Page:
Representative John Curtis sponsored HB 4532 titled “A bill to create the first Tribally managed national monument, and for other purposes.” The first paragraph of the bill, the first action, is to withdraw all of the original 1.35 million acres of land designated under the Obama Bears Monument from any future mineral extraction. This was done for one purpose and one purpose only, to appease the environmentalists.

Editorial by Phil Lyman

HB 4532 is neither hot nor cold

I have never been enamored by propitiation. I get it, and I’m not inclined to condemn those who engage in it; I just believe that there are pursuits more deserving of our efforts. Representative John Curtis sponsored HB 4532 titled “A bill to create the first Tribally managed national monument, and for other purposes.” The first paragraph of the bill, the first action, is to withdraw all of the original 1.35 million acres of land designated under the Obama Bears Monument from any future mineral extraction. This was done for one purpose and one purpose only, to appease the environmentalists.

Governor Herbert said that the bill maintains the existing 1.35 million acre mineral withdrawal under the original BENM designation to “put to rest any suspicion that the monument was reduced in order to advance energy development.” As a county commissioner in San Juan County, I want energy development in my county.  President Trump said “I came to Utah to reverse federal overreach and restore the rights of this land to your citizens.” He also pointed out that there are fighters and then there are those you thought were fighters who are not fighters. Of course we want energy development in San Juan County. We have been almost completely shut down by federal laws already. What remains is a tiny fraction of the vast potential of this county, and now our elected representatives rush to ensure that even that small remainder is taken off the table? And the reason is to put to rest any suspicion that the people in San Juan County want to work and to produce?

I like to feel like San Juan County is a producing county and not a ward of the State. And even if the Governor and our Congressmen are going to lay San Juan County’s energy future on the altar, what is the ask? When congressman Bishop kneels before Yvon Chouinard and offers him San Juan County’s minerals, what is the hoped for compensation? It is a question that is better left unasked, not because it is not valid, but because no one has time to listen to the unending justifications of why it is better to give up than to stand up. There are deals being made behind the scenes and it appears that most politicians have promises to keep. Either that, or they just hope to escape criticism from Patagonia and company.

Which brings us to the current legislation: Statehood provides jurisdiction over land within the geographic boundaries of Utah, but if the Governor is unwilling to accept that authority, what possible chance do the citizens have in defending the State’s jurisdiction? The Governor should be the most important voice in this entire debate, but for reasons only he knows, he has seen fit to defer to Congress. So be it. One thing is certain, as a citizen, standing up for what is proper and legal and right will not only garner you all the vindictive assaults that the left can pour out, but it will also leave you friendless in your own home state, at least with the power brokers.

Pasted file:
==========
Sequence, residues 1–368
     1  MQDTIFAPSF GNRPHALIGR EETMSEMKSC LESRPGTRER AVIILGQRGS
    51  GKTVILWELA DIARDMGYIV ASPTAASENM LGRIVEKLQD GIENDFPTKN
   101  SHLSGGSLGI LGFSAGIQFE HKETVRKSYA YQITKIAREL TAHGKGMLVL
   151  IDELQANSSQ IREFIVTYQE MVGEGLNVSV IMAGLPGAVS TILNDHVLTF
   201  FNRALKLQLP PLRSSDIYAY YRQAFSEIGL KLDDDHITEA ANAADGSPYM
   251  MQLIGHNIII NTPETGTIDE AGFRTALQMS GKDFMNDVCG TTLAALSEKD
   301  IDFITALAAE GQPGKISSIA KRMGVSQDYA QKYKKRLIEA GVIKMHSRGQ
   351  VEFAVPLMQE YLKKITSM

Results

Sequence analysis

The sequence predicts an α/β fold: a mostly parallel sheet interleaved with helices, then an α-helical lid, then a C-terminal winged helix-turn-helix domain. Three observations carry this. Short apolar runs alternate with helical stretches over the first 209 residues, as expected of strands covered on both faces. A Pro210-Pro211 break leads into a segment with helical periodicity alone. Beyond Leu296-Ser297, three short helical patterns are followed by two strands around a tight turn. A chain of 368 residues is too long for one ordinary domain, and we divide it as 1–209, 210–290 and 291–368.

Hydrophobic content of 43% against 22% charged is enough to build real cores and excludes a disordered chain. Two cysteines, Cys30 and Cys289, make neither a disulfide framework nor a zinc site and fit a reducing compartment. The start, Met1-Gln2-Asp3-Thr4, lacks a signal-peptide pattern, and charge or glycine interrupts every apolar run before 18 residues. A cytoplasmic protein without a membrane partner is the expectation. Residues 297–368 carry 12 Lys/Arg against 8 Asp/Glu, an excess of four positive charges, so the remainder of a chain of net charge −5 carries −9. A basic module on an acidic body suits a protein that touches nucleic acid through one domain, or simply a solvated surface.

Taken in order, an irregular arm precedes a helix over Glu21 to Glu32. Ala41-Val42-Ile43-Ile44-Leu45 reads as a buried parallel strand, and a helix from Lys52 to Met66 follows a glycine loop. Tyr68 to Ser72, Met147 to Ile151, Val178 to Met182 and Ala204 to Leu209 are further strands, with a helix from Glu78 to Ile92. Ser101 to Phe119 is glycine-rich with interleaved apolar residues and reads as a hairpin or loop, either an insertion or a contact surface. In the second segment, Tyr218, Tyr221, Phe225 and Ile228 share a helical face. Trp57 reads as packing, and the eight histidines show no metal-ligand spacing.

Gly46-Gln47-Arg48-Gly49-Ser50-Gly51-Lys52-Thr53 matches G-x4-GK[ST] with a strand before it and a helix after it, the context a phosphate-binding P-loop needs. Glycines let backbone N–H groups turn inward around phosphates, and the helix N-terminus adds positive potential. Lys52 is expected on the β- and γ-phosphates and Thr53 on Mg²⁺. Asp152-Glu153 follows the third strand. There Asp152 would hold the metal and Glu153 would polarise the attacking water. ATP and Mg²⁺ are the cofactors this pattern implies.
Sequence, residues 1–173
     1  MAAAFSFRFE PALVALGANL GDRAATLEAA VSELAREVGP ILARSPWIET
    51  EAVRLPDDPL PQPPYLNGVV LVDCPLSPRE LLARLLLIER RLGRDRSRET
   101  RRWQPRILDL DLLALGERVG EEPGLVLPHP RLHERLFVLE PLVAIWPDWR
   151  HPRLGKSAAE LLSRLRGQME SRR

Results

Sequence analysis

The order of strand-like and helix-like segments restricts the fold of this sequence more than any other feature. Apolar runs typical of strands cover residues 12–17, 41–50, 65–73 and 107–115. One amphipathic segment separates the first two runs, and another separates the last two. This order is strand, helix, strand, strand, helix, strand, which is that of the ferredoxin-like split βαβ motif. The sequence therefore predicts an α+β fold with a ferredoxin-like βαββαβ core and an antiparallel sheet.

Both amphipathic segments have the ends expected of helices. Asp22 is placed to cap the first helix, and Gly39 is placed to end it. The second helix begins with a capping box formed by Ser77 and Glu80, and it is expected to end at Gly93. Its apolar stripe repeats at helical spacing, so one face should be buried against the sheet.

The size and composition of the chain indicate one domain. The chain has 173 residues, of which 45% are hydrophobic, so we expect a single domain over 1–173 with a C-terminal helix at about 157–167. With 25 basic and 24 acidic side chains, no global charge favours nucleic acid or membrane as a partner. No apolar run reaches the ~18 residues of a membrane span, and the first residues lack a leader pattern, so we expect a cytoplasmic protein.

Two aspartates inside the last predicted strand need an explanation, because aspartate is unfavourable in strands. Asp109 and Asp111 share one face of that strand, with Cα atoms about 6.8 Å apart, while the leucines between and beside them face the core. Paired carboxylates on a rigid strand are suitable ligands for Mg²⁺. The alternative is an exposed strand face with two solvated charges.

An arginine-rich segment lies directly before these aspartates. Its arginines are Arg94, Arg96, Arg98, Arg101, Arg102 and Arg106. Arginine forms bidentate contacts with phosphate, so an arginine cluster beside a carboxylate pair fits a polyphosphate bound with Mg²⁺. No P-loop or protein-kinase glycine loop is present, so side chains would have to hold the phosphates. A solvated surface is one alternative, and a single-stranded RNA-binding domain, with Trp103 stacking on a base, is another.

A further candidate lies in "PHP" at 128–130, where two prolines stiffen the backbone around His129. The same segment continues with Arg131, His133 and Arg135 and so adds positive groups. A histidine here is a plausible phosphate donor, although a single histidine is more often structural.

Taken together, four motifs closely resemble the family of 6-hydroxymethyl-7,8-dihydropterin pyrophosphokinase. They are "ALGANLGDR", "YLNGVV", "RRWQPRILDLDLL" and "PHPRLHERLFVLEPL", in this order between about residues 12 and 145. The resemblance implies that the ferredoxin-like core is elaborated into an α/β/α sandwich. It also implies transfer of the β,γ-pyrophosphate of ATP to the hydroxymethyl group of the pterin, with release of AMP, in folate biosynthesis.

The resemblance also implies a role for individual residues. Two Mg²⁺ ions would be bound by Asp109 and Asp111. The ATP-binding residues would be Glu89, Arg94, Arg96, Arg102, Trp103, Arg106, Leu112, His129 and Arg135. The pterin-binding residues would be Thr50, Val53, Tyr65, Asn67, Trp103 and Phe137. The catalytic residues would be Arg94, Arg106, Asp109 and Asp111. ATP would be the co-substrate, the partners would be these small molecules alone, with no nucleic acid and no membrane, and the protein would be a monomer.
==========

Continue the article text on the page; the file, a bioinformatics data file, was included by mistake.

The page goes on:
Its one thing to disregard Constitutional prescriptions for federal land use, but our representatives are inclined to ignore the historical record as well. In 1933 Congress passed the Colton Bill which transferred more than five hundred thousand acres in San Juan County to the Navajo Nation, expanding the Navajo Reservation. This agreement was made at the insistence of the Navajo Nation and despite opposition from Utah’s Governor at the time. It is the largest land transfer in the history of the State Utah and it is the legislation that created the Utah Navajo trust Fund. This was an important agreement which established metes and bounds and were intended to provide a level of security and peace for the Navajo Nation and their neighbors.  Does HB 4532 repeal the Colton Bill? It certainly contradicts it.

Right or wrong, we are now at this important crossroads – not so much as a State or as a Nation, but as people. By speaking up, do we jeopardize good relations between the left, who want everything protected, or do we offend the producers who would prefer to drill it, mine it, dam it, farm it, graze it, hunt it, and use it? Or do we just keep quiet?

Two quotes come to mind, both from Emerson: “Nothing is at last sacred but the integrity of your own mind” and “God will not have his work made manifest by cowards.” The first reminds me that I don’t always have to correct others perceptions, the second reminds me that I don’t have to accept them. 

Phil Lyman is a county commissioner from San Juan County, Utah


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